[squeak-dev] The Trunk: Collections-fn.825.mcz

karl ramberg karlramberg at gmail.com
Sat Apr 13 08:50:39 UTC 2019

Implicit conversion like this is hard to remember an makes code hard to
For example C is used in many different number system and is not the same
in either.
C in roman numerals is not equal to ASCII c or C or hexadecimal C.

Can of worms warning.


On Sat, Apr 13, 2019 at 9:17 AM Jakob Reschke <forums.jakob at resfarm.de>

> I am not so fond of this change. It feels like a slope towards JavaScript,
> which has (not so) funny articles about the ridiculous implicit type
> conversions. There was a change last year that disallowed putting numbers
> (bytes) in ByteStrings and vice versa. This change goes kind of in the
> other direction.
> The #< of Character seems to support comparisons with numbers. But this
> may never have been intended as it is a side effect of how the method is
> implemented (comparing the #asInteger values of the Characters)? If it were
> implemented in terms of #codePoint instead of #asInteger, it would not
> support comparison with numbers, but still work for Characters.
> Yet I see the compatibility trouble and the long history of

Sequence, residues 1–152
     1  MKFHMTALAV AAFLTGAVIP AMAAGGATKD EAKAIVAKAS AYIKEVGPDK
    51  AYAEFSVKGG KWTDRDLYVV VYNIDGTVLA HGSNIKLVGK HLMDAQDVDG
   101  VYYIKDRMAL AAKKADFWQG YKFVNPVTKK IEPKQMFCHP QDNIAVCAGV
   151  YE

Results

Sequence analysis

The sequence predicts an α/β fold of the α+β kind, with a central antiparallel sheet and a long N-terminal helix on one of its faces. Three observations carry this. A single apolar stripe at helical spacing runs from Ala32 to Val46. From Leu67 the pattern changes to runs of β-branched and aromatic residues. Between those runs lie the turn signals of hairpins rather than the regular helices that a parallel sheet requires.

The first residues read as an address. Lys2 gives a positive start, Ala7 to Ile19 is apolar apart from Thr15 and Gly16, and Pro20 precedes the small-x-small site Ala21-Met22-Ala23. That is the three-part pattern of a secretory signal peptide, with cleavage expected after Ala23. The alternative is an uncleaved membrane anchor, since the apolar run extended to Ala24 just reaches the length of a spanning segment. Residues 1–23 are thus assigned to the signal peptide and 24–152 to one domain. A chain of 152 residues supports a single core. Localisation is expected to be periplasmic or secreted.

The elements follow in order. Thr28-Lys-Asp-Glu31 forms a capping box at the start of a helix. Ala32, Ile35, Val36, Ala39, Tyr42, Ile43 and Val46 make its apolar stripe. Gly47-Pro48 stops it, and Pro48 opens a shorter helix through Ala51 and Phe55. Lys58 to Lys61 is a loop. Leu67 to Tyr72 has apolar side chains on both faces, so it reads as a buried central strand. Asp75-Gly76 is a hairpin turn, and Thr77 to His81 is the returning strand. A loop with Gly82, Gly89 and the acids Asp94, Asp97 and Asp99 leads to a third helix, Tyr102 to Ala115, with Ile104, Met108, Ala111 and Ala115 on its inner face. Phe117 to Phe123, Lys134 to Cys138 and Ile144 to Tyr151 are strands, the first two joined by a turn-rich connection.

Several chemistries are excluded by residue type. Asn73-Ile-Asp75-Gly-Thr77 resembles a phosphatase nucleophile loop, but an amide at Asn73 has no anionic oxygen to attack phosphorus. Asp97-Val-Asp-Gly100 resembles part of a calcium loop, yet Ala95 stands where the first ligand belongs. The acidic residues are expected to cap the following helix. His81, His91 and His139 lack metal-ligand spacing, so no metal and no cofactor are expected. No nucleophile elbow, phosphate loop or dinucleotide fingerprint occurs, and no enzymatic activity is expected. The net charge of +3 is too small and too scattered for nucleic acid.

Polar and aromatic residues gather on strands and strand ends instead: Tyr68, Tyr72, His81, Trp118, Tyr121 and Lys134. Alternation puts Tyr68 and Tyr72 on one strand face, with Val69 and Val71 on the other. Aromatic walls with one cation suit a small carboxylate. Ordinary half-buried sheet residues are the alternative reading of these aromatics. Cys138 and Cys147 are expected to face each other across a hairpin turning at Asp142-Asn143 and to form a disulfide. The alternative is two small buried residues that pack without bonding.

> adaptToNumber:andSend:.
> I would prefer if people wrote more asInteger/asNumber or asCharacter if
> they need to ensure the types (because they expect that sometimes numbers
> come in instead of characters, or the other way around), instead of relying
> on implicit type conversions. It also forces them to think about which kind
> of character to number conversion they want, referring to what Tim wrote:
> are digit characters their number counterparts or their unicode code points?
> Am Fr., 12. Apr. 2019 um 19:14 Uhr schrieb tim Rowledge <tim at rowledge.org
> >:
>> > On 2019-04-12, at 12:30 AM, commits at source.squeak.org wrote:
>> >
>> >
>> > Just like strings, characters should convert themselves to an integer
>> when involved in arithmetic with a number.
>> Well, ok I guess. BUT why is the conversion simply to the internal bits
>> of the character representation? Surely digit characters ought to convert
>> to the number they directly represent? And wouldn't it be more correct to
>> convert all the other chars via the encoding in use? Unless, I suppose we
>> are actually using unicode already in which case one might make a decent
>> argument that that is The Right One.
>> tim
>> --
>> tim Rowledge; tim at rowledge.org; http://www.rowledge.org/tim
>> Strange OpCodes: LA: Lockout Access
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